The greatest among you must be your servant.
Whoever exalts himself will be humbled;
but whoever humbles himself will be exalted.
The idea of servant leadership is a hot topic for me these days. As I and my friends prepare to be ordained as transitional deacons, the whole meaning of the word is encompassed in today’s Gospel reading. The Greek word, diakonos, means service. In Christ’s Kingdom, those who are to lead, are to serve, as He did.
The model for our service, and our leadership, is Christ on the Cross. Love who and what He loved … all the way to death. It’s a hard act to follow, but then, we’re not expected to do it alone. All of us are called to this kind of service, but especially those of us who are called to lead. There is no leadership in the Kingdom that is not service — none.
So we don’t get to widen our phylacteries (I’ve always wanted to use that word in my blog!) and we can forget about lengthening our tassels: the concept of Christian leadership isn’t just for show. And if our leadership is really authentic, then it won’t take wide phylacteries or long tassels to see it. This doesn’t mean we don’t wear clerical garb or anything like that; it simply means that the garb is the afterthought — service comes first.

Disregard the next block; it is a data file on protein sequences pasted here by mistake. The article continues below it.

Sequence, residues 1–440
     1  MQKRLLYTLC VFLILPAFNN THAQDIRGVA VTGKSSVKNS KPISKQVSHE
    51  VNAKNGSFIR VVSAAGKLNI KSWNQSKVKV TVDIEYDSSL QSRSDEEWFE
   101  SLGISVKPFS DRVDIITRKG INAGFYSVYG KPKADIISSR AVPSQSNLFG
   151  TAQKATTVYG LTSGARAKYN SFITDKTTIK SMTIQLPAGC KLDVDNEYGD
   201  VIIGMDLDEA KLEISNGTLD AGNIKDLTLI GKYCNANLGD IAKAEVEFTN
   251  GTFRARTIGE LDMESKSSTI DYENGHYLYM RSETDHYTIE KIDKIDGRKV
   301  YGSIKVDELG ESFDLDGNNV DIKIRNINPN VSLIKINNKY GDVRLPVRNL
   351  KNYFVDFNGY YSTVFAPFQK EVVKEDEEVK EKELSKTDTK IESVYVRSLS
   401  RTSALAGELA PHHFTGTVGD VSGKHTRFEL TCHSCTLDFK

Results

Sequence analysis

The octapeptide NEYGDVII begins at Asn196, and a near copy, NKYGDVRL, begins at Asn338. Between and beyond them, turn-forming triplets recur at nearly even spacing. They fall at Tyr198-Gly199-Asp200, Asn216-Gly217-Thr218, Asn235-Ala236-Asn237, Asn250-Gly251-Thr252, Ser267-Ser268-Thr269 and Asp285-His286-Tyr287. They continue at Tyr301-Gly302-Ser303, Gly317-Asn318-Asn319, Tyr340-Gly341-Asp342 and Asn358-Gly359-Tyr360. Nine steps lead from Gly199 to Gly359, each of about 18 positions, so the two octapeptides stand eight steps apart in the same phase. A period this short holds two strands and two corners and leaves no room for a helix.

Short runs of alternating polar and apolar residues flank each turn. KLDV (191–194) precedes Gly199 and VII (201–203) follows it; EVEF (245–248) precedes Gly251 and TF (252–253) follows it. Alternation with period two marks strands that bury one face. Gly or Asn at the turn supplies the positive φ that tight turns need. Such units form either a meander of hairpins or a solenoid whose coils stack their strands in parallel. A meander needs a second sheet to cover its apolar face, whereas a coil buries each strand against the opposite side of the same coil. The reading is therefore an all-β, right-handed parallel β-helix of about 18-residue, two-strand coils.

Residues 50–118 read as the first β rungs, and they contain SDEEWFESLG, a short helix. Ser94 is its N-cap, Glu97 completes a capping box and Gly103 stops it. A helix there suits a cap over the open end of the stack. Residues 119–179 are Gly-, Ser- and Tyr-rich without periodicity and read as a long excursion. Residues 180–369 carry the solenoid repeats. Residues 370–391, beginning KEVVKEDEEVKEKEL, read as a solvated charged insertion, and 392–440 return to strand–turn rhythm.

If we have learned anything in these past few years about leadership, it ought to be that we can’t just get by on our looks. That gets us into trouble every time. Forget what it looks like, serve the Lord, serve His people, serve His Church, serve the Kingdom. If that’s where our focus is, everyone will see that, and people will be moved.
St. Paul says it well in today’s second reading from his first letter to the Church at Thessalonica:
You recall, brothers and sisters, our toil and drudgery.
Working night and day in order not to burden any of you,
we proclaimed to you the gospel of God.
And for this reason we too give thanks to God unceasingly,
that, in receiving the word of God from hearing us,
you received not a human word but, as it truly is, the word of God,
which is now at work in you who believe.
Servant leaders do not ask people to bow and scrape to them. Instead, they roll up their sleeves, and work for the sake of the Kingdom of God. It is then that the Gospel gets preached not just in words, but in our very living. St. Francis said well that we are to preach the Gospel at all times, using words “when necessary.”
Our living is our preaching, and our preaching is our living.